Acute pancreatitis in the course of meprobamate poisoning.

Department of Clinical Pharmacology, Faculty of Medicine of Sousse, Sousse, Tunisia.
JOP: Journal of the pancreas 01/2011; 12(4):404-6.
Source: PubMed

ABSTRACT We report a case of massive poisoning with meprobamate leading to acute pancreatitis.
A 43-year-old patient with a history of schizophrenia and multiple suicide attempts was admitted to the intensive care unit for severe poisoning with meprobamate (voluntary ingestion of 60 g). On admission, the patient was deeply comatose with low blood pressure and hypothermia. Laboratory analysis revealed leukocytosis and high lipase and amylase serum levels. There was no eosinophilia. Abdominal computed tomography showed pancreatitis grade A. The patient was intubated and ventilated, and intravenous dopamine was infused. The patient regained consciousness and was extubated five days later. Improvement in pancreatic tests was noted several days later. The outcome was favorable.
According to the Naranjo probability scale, meprobamate-induced acute pancreatitis was probable. Acute pancreatitis in meprobamate poisoning is exceptional. The pathogenesis of pancreatitis-induced meprobamate poisoning may be explained by two mechanisms: stimulation of pancreatic secretion secondary to cholinergic activation and pancreatic ductal hypertension.
The signs of severe meprobamate toxicity are numerous including cardiovascular and central nervous symptoms. Acute pancreatitis should also be added as a possible manifestation of meprobamate poisoning.

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    ABSTRACT: Context. When an adverse event occurs in an overdose patient, it may be difficult to determine whether the event was caused by the ingested drug or by medical therapy. Naranjo et al. developed a probability scale, the Naranjo Adverse Drug Reaction Probability Scale (Naranjo Scale), to assess the probability that a drug administered in therapeutic doses caused an adverse event thereby classifying the event as an adverse drug reaction (ADR). Although Naranjo et al. specifically excluded the application of this scale to adverse events in overdose patients, case reports demonstrate that authors continue to apply the Naranjo Scale to events in these patients. Objective. The World Health Organization defines an ADR as occurring only when drugs are administered in therapeutic doses. Yet ADRs continue to be reported in overdose patients. We sought to examine the use of the Naranjo scale in case reports of overdose patients to assess the potential consequences of that application. Methods. A Medline search via PubMed without language limits, through September 2012, using the search terms "Naranjo" and "overdose" or "poisoning" yielded 146 publications. Additional searches were performed to find articles with keywords of the Naranjo Scale development, current applications and validity of application in specific populations such as critically ill and overdose patients. Results. From the 146 publications, we identified 17 case reports or case series of overdose patients in which the Naranjo Scale was applied to a clinical complication to support a causal relationship between an administered drug and the clinical complication and thereby classify the clinical complication as an ADR. We also identified a recent publication in which the Naranjo Scale was applied to a new treatment modality (lipid emulsion) that is currently administered to overdose patients. Original publication of the Naranjo Scale and studies evaluating its use in critically ill patients or those with drug-induced disease were also retrieved. Conclusion. Adverse events that occur in overdose patients are excluded from the definition of ADR. Yet in case reports or series of overdose patients, the Naranjo Scale has been applied to assess the probability an event was caused by the ingested drug or therapeutic modality. This application of the Naranjo Scale is not scientifically valid and may lead to erroneous conclusions. There is no evidence to support the application of the Naranjo scale to any events that occur in overdose patients.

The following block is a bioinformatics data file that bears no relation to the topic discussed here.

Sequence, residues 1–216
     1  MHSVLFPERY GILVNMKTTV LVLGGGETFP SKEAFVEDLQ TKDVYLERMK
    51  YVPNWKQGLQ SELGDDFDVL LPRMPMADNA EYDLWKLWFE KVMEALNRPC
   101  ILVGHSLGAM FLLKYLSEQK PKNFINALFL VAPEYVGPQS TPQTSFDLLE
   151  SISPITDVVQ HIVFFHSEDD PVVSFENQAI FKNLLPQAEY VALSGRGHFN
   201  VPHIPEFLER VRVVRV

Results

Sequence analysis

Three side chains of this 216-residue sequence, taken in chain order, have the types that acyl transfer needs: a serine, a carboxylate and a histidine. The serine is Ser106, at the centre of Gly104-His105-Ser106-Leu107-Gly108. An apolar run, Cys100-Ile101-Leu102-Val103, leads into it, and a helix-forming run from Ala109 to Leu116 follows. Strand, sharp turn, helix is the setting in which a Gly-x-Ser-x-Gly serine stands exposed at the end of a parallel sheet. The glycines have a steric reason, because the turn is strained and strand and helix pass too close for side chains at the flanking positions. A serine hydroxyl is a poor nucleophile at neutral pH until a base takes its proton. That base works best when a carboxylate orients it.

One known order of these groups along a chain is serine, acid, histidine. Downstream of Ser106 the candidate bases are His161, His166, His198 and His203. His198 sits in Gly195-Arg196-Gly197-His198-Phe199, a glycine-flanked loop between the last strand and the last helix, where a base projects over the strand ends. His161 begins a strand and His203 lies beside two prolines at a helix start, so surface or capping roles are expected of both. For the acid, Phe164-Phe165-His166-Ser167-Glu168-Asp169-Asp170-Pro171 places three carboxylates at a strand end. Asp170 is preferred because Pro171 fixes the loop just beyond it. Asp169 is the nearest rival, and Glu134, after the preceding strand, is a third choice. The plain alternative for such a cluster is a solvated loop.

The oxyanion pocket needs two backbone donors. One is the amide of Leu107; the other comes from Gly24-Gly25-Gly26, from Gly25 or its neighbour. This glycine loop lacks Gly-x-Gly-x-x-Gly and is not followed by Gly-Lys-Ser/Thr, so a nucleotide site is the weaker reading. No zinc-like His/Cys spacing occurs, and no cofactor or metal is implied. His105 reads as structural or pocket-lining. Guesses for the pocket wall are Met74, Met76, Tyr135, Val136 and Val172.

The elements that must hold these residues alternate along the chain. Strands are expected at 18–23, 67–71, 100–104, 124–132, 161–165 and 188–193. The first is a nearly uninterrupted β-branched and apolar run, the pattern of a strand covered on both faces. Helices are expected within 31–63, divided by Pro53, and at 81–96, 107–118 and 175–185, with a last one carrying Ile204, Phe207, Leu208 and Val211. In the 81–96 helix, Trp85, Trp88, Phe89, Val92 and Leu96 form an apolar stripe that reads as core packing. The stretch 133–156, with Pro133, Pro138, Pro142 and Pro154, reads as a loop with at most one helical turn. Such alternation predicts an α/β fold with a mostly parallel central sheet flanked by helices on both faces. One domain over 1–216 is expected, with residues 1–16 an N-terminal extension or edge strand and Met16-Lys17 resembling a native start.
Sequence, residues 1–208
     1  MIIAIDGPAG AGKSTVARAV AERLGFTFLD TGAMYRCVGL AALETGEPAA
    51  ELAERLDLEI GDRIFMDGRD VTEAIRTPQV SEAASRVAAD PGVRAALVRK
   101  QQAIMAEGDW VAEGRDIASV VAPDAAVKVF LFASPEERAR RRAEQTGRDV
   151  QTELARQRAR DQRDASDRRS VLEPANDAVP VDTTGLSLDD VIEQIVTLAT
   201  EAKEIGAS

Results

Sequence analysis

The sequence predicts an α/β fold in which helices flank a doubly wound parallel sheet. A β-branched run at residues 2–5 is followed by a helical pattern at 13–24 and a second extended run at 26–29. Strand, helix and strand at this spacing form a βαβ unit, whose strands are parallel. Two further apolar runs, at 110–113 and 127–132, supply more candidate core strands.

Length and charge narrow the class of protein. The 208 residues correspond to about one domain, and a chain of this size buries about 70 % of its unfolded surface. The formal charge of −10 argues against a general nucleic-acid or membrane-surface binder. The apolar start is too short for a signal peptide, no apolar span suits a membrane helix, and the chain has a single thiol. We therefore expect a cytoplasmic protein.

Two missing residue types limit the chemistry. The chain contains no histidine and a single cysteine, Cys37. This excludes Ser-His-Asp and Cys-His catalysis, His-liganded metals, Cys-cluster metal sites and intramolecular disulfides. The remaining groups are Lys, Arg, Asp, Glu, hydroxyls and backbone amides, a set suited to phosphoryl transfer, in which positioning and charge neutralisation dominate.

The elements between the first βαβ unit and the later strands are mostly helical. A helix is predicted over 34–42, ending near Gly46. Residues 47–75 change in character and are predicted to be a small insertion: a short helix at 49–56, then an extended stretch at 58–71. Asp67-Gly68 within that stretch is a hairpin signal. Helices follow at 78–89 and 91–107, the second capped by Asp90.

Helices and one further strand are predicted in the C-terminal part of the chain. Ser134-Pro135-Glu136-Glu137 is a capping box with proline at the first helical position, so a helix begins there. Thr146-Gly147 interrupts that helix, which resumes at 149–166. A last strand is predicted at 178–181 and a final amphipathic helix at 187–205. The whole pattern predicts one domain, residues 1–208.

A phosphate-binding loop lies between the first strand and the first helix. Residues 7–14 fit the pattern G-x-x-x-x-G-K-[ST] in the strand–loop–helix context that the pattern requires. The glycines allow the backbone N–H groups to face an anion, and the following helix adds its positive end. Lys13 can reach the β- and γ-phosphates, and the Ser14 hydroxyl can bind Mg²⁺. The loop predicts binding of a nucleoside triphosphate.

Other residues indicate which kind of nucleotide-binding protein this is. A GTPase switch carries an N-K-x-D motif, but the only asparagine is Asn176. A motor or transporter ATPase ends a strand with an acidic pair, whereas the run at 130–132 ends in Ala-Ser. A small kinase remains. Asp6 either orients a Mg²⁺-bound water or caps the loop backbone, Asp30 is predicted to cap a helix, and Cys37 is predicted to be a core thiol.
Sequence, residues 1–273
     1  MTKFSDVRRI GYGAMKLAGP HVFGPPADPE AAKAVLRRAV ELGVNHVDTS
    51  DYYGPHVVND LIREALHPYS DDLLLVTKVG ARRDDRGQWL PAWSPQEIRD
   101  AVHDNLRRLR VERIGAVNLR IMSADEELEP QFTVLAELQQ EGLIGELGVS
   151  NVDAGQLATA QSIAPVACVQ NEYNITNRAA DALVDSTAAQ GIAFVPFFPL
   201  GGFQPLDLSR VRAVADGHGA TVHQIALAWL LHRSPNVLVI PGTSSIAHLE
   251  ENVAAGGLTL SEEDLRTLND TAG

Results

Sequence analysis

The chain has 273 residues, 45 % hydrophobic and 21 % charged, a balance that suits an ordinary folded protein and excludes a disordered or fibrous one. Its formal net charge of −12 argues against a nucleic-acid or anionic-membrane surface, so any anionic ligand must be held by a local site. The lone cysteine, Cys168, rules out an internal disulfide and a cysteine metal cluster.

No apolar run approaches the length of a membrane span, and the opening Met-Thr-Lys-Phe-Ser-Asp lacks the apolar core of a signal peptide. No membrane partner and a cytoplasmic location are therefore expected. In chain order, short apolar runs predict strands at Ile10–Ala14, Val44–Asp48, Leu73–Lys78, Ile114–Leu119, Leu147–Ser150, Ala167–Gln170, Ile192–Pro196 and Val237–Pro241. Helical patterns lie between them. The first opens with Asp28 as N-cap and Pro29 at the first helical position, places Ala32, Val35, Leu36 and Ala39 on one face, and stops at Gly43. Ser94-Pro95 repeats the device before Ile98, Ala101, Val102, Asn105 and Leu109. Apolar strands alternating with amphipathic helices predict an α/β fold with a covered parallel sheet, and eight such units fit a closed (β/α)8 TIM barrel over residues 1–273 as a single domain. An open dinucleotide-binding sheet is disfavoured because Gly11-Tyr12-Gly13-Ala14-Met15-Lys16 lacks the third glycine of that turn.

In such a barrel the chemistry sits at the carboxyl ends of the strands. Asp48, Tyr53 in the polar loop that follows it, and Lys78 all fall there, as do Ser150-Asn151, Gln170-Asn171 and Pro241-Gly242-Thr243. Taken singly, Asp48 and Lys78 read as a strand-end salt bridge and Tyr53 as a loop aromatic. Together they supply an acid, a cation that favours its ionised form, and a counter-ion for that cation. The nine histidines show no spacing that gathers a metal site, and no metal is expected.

Clinical Toxicology 06/2013; · 2.59 Impact Factor